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In a press release, HLL said the health of the employees was not affected in any way and there had been no environmental damage to the areas surrounding the factory.
HLL had closed down its thermometer factory at Kodaikanal on March 8, 2001 and claimed that ever since it had kept the media informed of ``the various steps taken for remediation of the site and the environmental audit carried out in consonance with NGOs like Greenpeace and statutory authorities like TNPCB.'' These have shown that ``there has been no impact on the health of employees and no damage has been caused to the Kodai Lake or other environs of this hill station.''
Responding to criticism from an environmental group, Indian People's Tribunal, HLL said it had shared the summary of the conclusions from the Final Report of the Independent Assessments by URS (earlier URS Dames and Moore, an international environmental consulting firm) and also the conclusion of toxicology expert, Tom van Teunenbroek.
The URS reports include a detailed plan for the remedial measures inside the plant since there were deposits at concentrations between 0.1mg and 10 mg per kg in shallow depths within the premises. ``In June 2002, the report was submitted to the Working Committee, comprising officials of TNPCB, representatives of Greenpeace and other NGOs and representatives of the industry. It was discussed at the Working Committee meeting in October 2002.'' The committee accepted the report.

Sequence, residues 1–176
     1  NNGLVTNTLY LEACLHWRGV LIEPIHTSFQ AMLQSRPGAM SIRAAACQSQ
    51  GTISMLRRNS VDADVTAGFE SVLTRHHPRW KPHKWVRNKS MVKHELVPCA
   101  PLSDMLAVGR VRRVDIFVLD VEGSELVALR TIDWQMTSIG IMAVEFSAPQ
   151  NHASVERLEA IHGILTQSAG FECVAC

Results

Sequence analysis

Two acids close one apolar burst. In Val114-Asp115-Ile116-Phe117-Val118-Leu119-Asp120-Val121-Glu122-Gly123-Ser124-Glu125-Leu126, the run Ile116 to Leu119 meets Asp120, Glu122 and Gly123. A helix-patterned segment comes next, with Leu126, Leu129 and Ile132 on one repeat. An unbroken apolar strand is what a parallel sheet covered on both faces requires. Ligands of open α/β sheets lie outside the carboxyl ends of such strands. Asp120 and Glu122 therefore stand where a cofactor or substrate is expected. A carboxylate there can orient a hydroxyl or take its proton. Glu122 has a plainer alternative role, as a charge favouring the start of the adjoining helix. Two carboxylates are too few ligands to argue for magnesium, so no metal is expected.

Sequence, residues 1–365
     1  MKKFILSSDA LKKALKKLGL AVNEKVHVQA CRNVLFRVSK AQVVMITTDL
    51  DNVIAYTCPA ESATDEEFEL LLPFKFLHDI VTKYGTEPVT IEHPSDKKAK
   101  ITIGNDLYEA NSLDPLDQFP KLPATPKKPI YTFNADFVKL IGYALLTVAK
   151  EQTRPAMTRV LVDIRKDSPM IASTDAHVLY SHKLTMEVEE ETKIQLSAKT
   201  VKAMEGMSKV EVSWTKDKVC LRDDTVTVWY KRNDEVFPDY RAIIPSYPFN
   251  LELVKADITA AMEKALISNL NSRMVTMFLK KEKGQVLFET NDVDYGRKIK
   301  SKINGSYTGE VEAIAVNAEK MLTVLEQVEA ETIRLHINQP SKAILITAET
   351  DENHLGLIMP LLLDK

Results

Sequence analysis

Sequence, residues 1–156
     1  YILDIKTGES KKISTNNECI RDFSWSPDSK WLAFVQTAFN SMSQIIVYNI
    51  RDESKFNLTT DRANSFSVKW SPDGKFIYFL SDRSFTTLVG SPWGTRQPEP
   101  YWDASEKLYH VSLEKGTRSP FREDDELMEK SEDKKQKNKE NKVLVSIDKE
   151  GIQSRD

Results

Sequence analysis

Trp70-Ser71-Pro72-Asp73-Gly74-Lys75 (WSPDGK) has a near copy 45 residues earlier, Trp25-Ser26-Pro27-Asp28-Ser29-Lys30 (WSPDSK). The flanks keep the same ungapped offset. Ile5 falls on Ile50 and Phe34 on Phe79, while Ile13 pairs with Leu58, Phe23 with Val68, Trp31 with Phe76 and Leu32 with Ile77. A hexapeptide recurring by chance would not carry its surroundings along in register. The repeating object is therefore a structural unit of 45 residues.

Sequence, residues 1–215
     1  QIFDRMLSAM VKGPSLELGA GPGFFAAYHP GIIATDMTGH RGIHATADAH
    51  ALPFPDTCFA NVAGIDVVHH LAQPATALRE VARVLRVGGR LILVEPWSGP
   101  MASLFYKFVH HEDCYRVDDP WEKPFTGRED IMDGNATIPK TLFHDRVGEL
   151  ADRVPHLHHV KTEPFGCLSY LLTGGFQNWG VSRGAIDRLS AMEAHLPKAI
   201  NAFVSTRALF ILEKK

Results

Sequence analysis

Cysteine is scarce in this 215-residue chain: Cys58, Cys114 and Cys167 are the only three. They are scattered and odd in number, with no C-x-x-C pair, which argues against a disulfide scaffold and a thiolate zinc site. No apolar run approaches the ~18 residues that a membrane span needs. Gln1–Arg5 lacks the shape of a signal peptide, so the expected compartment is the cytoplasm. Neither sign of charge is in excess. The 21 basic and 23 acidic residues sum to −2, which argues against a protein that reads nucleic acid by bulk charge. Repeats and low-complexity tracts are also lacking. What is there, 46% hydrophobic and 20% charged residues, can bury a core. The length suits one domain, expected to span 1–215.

HLL said employees at the plant were subjected to periodic medical examinations. They used protective gear and were fully aware of safety precautions. Hence, there was no impact on the health of workers. Also, there have been no deaths due to mercury related exposure.
The study had shown that even on ``worst assumptions'', less than one per cent of the 136.5 tonnes of mercury was lost to the atmosphere over the last 18 years, an average of about 15 ml per day.
This is a discharge of approximately 75 kg a year, which the URS study points out compares favourably with the 140 tonnes that is estimated to be released each year in the U.S. from sources like the coal-fired power stations, incinerators, chlor alkali production and other sources.
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